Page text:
regarding the article:
I can see that skepticalscience appears satisfied with the DMI data when you use the full year data – so what causes the summer temperature mismatch north of 80N between GISS data and DMI data?
Let’s refresh our memories:
A few days after the WUWT article, the DMI “melt season” was over and the final version of updated DMI 80-90N DMI summer (melt season) temperatures appears as follows:
- Yes, the DMI melt season temperatures 80-90N in 2010 hit an all time low temperature record of just near +0,34 Celsius thus once again confirming the cold trend that started around 1991.
DMI trend summer 1991-2009: COOLING
GISS 80-90N temperatures june and july mostly projected up to 1200 km.
GISS june, july trend 1991-2009: WARMING
This does not make the GISS temperature projection method look good.
I can’t see how the writing at Skepticalscience.com should change that. I also showed other examples of problems with the GISS temperatures projected 1200 km over the ocean not really addressed in the skepticalscience article.
Normally when examining ice extent, believers of the global warming hypothesis mostly focus on the summer melt period. But now when a data source (the best data source for 80N-90N) shows temperatures for the melt period to be cooling of the area 80-90N, then we should look at the whole year. OK, lets then focus on the FULL year ice extent for the FULL globe based on Cryosphere data:
The 2010 column (an early prognosis) so far comes in number five since year 2000. That is, the fifth smallest global sea ice extent since year 2000.
So to begin with, the anomalies of global sea ice extent for 2008-10 appears to be just 0,3-5 mio sq km under normal.
However, Cryosphere in January 2007 made a Correction/reduction in Arctic sea ice data:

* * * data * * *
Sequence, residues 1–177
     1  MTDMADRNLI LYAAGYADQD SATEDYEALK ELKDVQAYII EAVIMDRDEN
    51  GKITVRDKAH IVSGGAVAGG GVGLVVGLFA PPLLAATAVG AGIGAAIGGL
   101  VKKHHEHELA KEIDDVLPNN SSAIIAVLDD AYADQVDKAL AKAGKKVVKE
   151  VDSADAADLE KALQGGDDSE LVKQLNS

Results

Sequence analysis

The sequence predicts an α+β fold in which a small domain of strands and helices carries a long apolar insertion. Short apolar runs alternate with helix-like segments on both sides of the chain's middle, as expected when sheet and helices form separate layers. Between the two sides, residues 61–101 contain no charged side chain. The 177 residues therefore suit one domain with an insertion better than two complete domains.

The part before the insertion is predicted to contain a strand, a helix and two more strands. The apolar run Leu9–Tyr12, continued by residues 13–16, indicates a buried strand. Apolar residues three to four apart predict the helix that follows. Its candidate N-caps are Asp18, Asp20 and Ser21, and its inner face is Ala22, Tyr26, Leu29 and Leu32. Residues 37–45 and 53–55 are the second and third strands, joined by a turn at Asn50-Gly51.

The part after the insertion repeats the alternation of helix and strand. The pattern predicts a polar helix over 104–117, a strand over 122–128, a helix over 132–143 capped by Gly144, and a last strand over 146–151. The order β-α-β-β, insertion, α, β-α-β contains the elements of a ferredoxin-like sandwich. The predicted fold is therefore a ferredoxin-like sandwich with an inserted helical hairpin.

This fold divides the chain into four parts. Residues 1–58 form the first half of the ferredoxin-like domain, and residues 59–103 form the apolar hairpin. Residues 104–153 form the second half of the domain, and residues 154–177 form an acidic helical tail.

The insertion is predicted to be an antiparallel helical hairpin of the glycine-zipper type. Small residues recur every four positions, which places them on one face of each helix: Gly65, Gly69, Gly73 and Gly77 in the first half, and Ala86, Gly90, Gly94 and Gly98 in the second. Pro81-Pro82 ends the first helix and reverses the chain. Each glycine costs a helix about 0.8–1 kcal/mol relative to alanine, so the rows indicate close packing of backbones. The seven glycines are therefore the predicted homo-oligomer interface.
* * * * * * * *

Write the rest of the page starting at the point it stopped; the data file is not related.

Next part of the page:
Here we see that the whole level of Arctic sea ice after year 2000 has been corrected down by Cryosphere with around 0,3 – 1,0 mio sq km. So this correction itself is perhaps large enough to fully account for the “missing” sea ice extent 2008-10. The strong La Nina cooling 1999-2001 is clearly reflected in the CT 2006 data, but not easy seen in the CT 2010 data.
So, without the Cryosphere correction done in January 2007, the sea ice anomalies 2008-2010 would have been zero or positive.
In my archives, I found this compare of arctic summer ice extents showing, that CT´s Arctic summer ice decline is over 1 mio sq km larger in 2007 than other data sources:
(Im not sure who collected these data.)
This indicates that the essential Cryosphere Jan 2007 correction may be an outlier.
Similar to the uncorrected CT data are the gridded NSIDC data presented by Jeff Id:
Again, the years 2008-2010 is not really supporting any downward trend, although the entire period 1978-2009 shows decline using a banal flat trend.
For both CT data and Jeff Id´s NSIDC data presentation we see that its in fact it is mostly the years 2005, 2006 and 2007 that shows a large dip in global sea ice extent. Take away those years, and where is the decadal declining trend?
When Jeff Id Zooms in on the years after 1995, it becomes clear, that the 3 years (2005-7) is responsible for downward trends if we use the banal flat trend argumentation for global ice extent:
Link to Jeff Id´s article: